Mentions: Tumor volume was monitored by serial brain MRIs (Fig. 2). A contrast-enhancing lesion had recurred or grown in five of the seven patients at the conclusion of radiotherapy, prior to the initiation of immunotherapy. These lesions all increased in size during the first phase of vaccination and reached a maximum mean volume of 805 mm3 (363–1,526 mm3) during ongoing vaccination. Subsequently, the contrast-enhancing lesions decreased to a minimum of 209 mm3 (9–452 mm3) after 448 days (342–568 days) (Fig. 2).Fig. 2


Therapeutic vaccination against autologous cancer stem cells with mRNA-transfected dendritic cells in patients with glioblastoma.

Vik-Mo EO, Nyakas M, Mikkelsen BV, Moe MC, Due-Tønnesen P, Suso EM, Sæbøe-Larssen S, Sandberg C, Brinchmann JE, Helseth E, Rasmussen AM, Lote K, Aamdal S, Gaudernack G, Kvalheim G, Langmoen IA - Cancer Immunol. Immunother. (2013)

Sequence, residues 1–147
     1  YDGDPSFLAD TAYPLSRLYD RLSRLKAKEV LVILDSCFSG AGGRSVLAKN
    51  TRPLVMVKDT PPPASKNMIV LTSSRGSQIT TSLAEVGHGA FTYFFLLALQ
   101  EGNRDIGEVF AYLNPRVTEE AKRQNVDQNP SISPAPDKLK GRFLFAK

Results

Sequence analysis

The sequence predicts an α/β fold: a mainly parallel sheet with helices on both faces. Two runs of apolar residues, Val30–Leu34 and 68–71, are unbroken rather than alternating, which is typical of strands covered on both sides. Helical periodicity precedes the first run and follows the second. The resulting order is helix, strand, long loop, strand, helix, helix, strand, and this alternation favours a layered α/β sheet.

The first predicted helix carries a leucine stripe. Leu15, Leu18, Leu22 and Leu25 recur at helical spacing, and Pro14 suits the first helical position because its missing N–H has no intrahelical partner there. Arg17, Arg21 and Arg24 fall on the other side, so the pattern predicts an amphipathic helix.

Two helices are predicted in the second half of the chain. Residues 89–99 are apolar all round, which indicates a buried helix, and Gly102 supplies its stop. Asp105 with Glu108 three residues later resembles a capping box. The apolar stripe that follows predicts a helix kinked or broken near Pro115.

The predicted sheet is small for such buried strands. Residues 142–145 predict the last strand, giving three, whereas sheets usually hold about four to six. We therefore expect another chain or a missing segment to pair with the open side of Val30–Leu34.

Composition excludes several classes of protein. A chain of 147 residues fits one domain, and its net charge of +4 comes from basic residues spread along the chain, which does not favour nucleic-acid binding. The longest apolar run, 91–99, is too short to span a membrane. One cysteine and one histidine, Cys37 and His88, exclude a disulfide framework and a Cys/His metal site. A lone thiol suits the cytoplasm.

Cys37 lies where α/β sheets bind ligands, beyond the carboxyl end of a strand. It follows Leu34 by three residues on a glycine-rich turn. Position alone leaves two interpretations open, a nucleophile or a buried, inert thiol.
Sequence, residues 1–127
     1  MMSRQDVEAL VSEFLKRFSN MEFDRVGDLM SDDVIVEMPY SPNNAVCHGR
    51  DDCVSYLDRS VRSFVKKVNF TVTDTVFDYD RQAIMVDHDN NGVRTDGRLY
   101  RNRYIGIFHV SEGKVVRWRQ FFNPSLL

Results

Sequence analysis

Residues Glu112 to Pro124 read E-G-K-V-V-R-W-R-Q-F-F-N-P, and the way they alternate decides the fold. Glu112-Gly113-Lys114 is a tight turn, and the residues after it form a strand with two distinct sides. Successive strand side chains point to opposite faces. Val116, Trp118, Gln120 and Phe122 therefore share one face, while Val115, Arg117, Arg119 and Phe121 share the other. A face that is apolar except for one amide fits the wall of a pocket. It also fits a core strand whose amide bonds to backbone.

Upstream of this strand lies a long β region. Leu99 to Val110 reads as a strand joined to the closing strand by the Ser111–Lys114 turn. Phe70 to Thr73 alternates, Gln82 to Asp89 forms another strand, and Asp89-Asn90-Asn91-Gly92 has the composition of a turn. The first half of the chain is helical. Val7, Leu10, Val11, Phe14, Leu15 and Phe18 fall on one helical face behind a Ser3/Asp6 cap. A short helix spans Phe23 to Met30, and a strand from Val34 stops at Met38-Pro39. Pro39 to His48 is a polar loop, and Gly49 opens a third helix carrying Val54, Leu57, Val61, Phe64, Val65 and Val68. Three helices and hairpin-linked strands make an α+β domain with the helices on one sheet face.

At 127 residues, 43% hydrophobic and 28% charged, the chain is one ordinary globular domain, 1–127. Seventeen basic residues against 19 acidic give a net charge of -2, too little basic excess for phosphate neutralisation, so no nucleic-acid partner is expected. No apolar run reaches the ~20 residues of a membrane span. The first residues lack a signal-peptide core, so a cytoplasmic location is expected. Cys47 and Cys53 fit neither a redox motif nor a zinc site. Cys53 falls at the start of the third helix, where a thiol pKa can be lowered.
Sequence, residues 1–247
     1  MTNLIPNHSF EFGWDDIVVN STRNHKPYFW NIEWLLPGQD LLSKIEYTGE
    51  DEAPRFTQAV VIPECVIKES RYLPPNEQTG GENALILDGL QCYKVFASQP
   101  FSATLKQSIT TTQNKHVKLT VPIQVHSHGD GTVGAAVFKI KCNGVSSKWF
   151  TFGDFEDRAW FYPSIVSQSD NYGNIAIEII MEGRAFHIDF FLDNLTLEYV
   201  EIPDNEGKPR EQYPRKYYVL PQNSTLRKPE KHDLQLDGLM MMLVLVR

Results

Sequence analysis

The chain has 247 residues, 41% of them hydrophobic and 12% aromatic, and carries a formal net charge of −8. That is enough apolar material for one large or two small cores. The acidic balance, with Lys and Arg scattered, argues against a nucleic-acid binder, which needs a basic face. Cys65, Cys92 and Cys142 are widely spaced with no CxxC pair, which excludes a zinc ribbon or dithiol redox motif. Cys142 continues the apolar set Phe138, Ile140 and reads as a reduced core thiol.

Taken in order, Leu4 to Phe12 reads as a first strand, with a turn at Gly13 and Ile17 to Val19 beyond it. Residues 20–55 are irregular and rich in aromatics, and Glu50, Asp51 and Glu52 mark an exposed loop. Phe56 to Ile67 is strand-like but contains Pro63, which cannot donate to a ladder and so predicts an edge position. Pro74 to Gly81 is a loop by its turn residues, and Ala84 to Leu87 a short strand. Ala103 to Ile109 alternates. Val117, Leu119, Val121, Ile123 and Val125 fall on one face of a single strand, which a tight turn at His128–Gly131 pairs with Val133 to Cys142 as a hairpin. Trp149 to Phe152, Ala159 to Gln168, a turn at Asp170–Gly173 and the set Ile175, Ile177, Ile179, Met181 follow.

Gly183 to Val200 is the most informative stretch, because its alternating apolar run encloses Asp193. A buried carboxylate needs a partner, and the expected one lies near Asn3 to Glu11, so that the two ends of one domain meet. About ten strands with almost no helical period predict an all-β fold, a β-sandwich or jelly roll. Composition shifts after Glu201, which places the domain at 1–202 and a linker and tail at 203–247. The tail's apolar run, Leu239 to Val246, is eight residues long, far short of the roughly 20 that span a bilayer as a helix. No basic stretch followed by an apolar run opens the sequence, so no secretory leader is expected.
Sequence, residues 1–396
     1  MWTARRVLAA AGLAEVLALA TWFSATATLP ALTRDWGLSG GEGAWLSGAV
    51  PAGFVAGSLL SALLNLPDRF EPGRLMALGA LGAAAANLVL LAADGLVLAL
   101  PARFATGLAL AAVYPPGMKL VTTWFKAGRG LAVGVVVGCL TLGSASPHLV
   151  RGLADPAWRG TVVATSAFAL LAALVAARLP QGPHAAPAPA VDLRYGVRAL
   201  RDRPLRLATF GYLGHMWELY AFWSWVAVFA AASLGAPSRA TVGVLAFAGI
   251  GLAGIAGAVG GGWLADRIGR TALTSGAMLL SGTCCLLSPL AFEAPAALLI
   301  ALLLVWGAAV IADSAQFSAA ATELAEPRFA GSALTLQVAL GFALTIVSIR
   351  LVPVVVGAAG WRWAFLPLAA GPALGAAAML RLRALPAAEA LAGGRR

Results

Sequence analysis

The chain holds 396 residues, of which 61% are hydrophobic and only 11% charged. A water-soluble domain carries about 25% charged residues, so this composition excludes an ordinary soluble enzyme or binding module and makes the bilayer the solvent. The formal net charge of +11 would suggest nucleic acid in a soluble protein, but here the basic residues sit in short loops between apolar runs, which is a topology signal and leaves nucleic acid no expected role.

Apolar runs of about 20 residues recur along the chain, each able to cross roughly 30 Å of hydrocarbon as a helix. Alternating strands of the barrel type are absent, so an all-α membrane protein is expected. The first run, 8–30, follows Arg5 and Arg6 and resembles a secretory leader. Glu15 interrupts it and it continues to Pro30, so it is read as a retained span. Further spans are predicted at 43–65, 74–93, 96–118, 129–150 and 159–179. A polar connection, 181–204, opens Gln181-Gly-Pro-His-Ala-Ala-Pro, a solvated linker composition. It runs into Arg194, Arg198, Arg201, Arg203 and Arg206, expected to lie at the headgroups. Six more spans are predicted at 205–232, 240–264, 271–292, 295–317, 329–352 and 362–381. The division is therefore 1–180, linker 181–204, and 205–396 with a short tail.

Changes in size of contrast-enhancing tumor over time. a Brain MRI axial T1 images after intravenous gadolinium contrast in patient #5. Days before (negative) and after surgery are noted on the MRI scans. No residual tumor was observed post-operatively (day 2), but at the end of the 6 weeks course of combined chemo/radiotherapy, a small contrast-enhancing lesion could be detected at the anterior margin of the resection cavity, as indicated with the white arrow (day 64). b Maximal area of contrast enhancement plotted against days since surgery (abscissa). Lower part of the figure indicates the timing of concomitant chemo-radiotherapy (blue box), DC vaccinations (blue arrows), and immune response (red arrow)